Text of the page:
Myth or Medicine
Second Opinion 5
(Source: CDC) Pertussis (whooping cough) can cause serious illness in infants, children and adults. The disease usually starts with cold-like symptoms and maybe a mild cough or fever. After 1 to 2 weeks, severe coughing can begin. Unlike the common cold, pertussis can become a series of coughing fits that continues for weeks.
In infants, the cough can be minimal or not even there. Infants may have a symptom known as "apnea." Apnea is a pause in the child's breathing pattern. Pertussis is most dangerous for babies. About half of infants younger than 1 year of age who get the disease are hospitalized.
Pertussis can cause violent and rapid coughing, over and over, until the air is gone from the lungs and you are forced to inhale with a loud "whooping" sound. This extreme coughing can cause you to throw up and be very tired. The "whoop" is often not there and the infection is generally milder (less severe) in teens and adults, especially those who have been vaccinated.
Early symptoms can last for 1 to 2 weeks and usually include:
- Runny nose
- Low-grade fever (generally minimal throughout the course of the disease)
- Mild, occasional cough
- Apnea — a pause in breathing (in infants)
Because pertussis in its early stages appears to be nothing more than the common cold, it is often not suspected or diagnosed until the more severe symptoms appear. Infected people are most contagious up to about 2 weeks after the cough begins. Antibiotics may shorten the amount of time someone is contagious.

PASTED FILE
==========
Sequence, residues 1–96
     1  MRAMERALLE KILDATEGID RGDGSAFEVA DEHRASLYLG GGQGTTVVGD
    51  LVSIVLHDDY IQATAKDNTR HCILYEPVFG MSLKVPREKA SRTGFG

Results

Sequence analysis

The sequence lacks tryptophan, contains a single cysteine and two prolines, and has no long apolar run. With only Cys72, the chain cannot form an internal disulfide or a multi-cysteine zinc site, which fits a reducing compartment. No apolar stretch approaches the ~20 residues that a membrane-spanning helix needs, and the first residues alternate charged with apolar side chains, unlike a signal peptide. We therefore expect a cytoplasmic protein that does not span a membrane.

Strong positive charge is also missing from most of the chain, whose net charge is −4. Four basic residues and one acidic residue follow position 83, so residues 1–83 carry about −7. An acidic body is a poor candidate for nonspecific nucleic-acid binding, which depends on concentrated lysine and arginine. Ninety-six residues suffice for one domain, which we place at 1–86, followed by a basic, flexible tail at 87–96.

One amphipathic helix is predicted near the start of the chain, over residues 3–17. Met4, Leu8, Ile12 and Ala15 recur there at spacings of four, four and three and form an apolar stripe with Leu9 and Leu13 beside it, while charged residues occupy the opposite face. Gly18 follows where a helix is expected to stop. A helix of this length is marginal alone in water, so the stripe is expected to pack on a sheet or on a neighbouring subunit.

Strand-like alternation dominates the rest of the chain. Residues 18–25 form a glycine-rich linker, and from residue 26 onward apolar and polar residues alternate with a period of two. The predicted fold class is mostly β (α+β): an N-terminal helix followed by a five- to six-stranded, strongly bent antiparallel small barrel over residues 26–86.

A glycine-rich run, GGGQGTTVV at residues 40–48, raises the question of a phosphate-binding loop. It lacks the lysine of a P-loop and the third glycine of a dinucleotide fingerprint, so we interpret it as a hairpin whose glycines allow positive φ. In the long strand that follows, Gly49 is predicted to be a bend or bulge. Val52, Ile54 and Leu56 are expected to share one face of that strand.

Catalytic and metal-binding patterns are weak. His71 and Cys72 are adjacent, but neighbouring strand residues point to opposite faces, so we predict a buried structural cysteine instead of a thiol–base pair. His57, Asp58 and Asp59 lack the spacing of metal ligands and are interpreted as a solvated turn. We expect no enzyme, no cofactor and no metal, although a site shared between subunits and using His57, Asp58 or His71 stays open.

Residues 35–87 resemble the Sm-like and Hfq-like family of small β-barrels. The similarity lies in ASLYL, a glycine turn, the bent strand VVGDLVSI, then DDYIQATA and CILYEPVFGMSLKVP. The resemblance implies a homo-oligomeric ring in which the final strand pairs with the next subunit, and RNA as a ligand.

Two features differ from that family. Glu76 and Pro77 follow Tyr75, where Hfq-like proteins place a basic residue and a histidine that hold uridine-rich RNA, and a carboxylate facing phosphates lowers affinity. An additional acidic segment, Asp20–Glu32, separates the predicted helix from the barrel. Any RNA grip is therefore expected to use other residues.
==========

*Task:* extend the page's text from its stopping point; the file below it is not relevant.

As the disease progresses, the traditional symptoms of pertussis appear and include:
- Paroxysms (fits) of many, rapid coughs followed by a high-pitched "whoop"
- Vomiting (throwing up)
- Exhaustion (very tired) after coughing fits
The coughing fits can go on for up to 10 weeks or more. In China, pertussis is known as the "100 day cough."
Although you are often exhausted after a coughing fit, you usually appear fairly well in-between. Coughing fits generally become more common and severe as the illness continues, and can occur more often at night. The illness can be milder (less severe) and the typical "whoop" absent in children, teens, and adults who have been vaccinated with a pertussis vaccine.
Recovery from pertussis can happen slowly. The cough becomes less severe and less common. However, coughing fits can return with other respiratory infections for many months after pertussis started.
The best way to prevent pertussis (whooping cough) among infants, children, teens, and adults is to get vaccinated. Also, keep infants and other people at high risk for pertussis complications away from infected people.
In the United States, the recommended pertussis vaccine for infants and children is called DTaP. This is a combination vaccine that protects against three diseases: diphtheria, tetanus and pertussis.
The easiest thing for adults to do is to get Tdap instead of their next regular tetanus booster-that Td shot that they were supposed to get every 10 years. The dose of Tdap can be given earlier than the 10-year mark, so it is a good idea for adults to talk to a healthcare provider about what is best for their specific situation.Vaccine protection for these three diseases fades with time. Before 2005, the only booster available contained protection against tetanus and diphtheria (called Td), and was recommended for teens and adults every 10 years. Today there is a booster for preteens, teens and adults that contains protection against tetanus, diphtheria and pertussis (Tdap).
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